More than 100 Lev Tahor children have effectively become prisoners of this country as a result of secret court orders that prevent them from obtaining passports and crossing international borders.
Guidy Mamann, an immigration lawyer who is representing the ultra-orthodox Jewish group, said the existence of the judicial orders was discovered when some Canadian-born children were denied passports. Their parents are temporary residents in Canada and would therefore be free to leave the country.
“Some of the families said, ‘You know what, we’re not going to apply for (residency) extensions. This is getting crazy — we just want to go,” Mamann told the Star in a telephone interview. “We’re not talking about running; we’re talking about these families do not have permanent status in Canada — they have temporary status. What is being proposed? That they leave their kids here? It’s crazy.”
The families have been refused access to the court orders. Mamann said one of the families demanded to see the orders, which were obtained in Quebec in November, and was told to file an access to information request.
A spokesperson for the director of youth protection for the Laurentians region of Quebec said the warrants for every single child in the Lev Tahor community were obtained in the days after they fled Quebec for Chatham-Kent, Ont. — a departure that was prompted by a fight over the community’s home-schooling regime as well as an approaching court case that risked seeing 14 children from two families taken into temporary foster care.
“Quebec knows what they’ve issued: they’ve issued warrants for committal, it looks like for every child in the community, but they haven’t told us, nor did they tell the court,” said Mamann.
He said Marnelle Dragila, the family lawyer representing the parents in the recent appeal hearing over an order for the removal of 13 children, was shocked to learn of the widespread orders.
“I think this is very heavy-handed. It doesn’t have anything to do at this point with the protection of children,” said Mamann. “If really every single child in this community needed protection, you’d think Ontario would agree. There’s no way that any child protection authority can claim that every single child, if in Quebec, needs protection, while in Ontario … the protection authorities are not taking a position anywhere near that position.”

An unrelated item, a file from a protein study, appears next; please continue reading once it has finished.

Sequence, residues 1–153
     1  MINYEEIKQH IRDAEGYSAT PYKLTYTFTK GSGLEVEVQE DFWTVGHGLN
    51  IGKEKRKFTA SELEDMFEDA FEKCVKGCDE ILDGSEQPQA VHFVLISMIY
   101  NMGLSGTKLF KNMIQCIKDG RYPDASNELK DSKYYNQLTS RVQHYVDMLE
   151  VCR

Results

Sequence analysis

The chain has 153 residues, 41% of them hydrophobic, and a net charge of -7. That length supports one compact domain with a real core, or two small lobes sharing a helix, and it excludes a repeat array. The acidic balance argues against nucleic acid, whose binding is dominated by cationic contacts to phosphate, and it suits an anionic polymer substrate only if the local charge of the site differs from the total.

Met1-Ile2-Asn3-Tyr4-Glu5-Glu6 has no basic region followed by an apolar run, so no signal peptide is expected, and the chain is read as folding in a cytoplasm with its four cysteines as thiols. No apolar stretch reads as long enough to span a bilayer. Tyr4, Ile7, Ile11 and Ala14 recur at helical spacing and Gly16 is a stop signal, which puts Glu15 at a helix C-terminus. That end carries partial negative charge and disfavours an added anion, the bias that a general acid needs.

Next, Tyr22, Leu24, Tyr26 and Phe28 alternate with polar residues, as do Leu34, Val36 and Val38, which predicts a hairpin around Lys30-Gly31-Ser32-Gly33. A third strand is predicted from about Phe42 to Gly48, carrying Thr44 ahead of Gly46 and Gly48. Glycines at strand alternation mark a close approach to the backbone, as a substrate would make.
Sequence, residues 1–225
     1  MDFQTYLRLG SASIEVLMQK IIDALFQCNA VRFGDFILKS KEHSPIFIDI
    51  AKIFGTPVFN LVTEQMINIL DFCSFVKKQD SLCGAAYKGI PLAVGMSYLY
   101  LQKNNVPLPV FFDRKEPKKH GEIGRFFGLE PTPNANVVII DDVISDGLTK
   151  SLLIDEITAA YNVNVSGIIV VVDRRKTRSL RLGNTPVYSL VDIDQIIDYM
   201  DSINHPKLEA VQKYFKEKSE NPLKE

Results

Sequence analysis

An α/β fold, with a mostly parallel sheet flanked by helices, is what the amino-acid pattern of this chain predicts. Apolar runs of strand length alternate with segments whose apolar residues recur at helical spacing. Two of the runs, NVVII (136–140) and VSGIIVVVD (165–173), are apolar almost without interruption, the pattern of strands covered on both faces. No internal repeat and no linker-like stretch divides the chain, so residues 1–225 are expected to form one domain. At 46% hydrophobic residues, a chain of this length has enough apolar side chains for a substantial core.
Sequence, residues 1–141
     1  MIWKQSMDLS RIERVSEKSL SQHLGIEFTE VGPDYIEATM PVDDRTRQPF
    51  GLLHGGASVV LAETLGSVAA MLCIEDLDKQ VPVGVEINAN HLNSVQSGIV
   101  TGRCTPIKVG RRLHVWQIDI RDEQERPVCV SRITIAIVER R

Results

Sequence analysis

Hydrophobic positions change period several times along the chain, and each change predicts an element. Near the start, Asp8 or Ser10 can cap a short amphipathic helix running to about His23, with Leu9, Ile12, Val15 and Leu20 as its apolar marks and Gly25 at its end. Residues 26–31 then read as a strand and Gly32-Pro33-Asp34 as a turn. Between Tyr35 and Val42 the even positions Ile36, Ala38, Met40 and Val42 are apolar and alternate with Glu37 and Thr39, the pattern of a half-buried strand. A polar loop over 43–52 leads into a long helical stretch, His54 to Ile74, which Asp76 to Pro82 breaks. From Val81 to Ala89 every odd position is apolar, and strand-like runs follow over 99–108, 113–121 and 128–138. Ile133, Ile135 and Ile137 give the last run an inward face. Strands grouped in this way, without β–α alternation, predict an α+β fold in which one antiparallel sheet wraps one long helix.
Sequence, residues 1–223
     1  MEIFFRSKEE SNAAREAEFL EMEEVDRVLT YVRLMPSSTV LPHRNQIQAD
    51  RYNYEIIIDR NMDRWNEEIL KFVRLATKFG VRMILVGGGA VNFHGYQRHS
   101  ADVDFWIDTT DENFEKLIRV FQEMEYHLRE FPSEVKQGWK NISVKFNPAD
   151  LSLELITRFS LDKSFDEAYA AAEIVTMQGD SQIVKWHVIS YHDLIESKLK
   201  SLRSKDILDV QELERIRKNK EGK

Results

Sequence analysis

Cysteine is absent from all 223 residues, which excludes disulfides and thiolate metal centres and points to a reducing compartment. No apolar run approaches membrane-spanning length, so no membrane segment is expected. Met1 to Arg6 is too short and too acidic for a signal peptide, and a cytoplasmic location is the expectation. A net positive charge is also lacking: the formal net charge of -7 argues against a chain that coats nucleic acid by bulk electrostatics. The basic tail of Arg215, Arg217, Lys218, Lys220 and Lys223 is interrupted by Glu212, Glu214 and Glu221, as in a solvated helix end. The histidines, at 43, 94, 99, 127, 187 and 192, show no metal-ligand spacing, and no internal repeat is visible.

Quebec child protection authorities had documented allegations of abuse, underage marriage and poor health among the sect’s children. Chatham-Kent Children’s Services have conducted its own investigations, resulting in one child protection hearing involving two children, one of whom allegedly had a bruise on her face.
But Ontario authorities have primarily focused on executing the original court order relating to the 14 Lev Tahor kids. One of them, a married, 17-year-old mother of one, has since been exempted from the foster-care ruling. In an appeal of an earlier Ontario ruling against Lev Tahor, all 14 of the children were discovered to have fled their homes. Six were picked up at the Trinidad airport and returned to Canada, two were apprehended at the Edmonton airport and another six remain in Guatemala with their parents.
Superior Court Justice Lynda Templeton is slated to rule on the appeal concerning the fate of 13 children on Monday — a ruling that could send those children currently in the custody of foster families back to Quebec.
The secret Quebec court orders against the children of Lev Tahor were revealed by Denis Baraby, whose office initiated the child protection case against the Jewish group.
Baraby sent all of the judicial orders to his counterparts in Ontario hoping they would carry out the warrant.
Baraby would not make himself available for an interview Thursday and his spokesperson would not provide any of the information used to obtain the secret court orders.
But a source said relations between officials in Quebec and Ontario have been hampered all along by poor communications and a sense that the child protection agency in Chatham-Kent has not shared the urgency of Baraby’s investigators. That seems to have changed in recent weeks after the various attempts by Lev Tahor members to flee their legal problems by escaping the country, the source said.
Stephen Doig, executive director of Chatham-Kent Children’s Services, explained there was a joint Ontario-Quebec consensus that the priority should be to carry out the original order relating to the 14 Lev Tahor children. That was an obvious choice, Doig said, because a Quebec judge had already made a ruling based on the evidence and testimony of social workers and a former Lev Tahor member.
But Doig said that the differences in child welfare laws in Ontario and Quebec resulted in “uncertainty” about how or whether his office could act on the other judicial orders obtained in Quebec.
“Another factor is that any Ontario law enforcement agency would require either a ‘Canada-wide warrant’ or an Ontario court order to assist in the removal of children where there was likely to be physical resistance from the parents,” Doig said.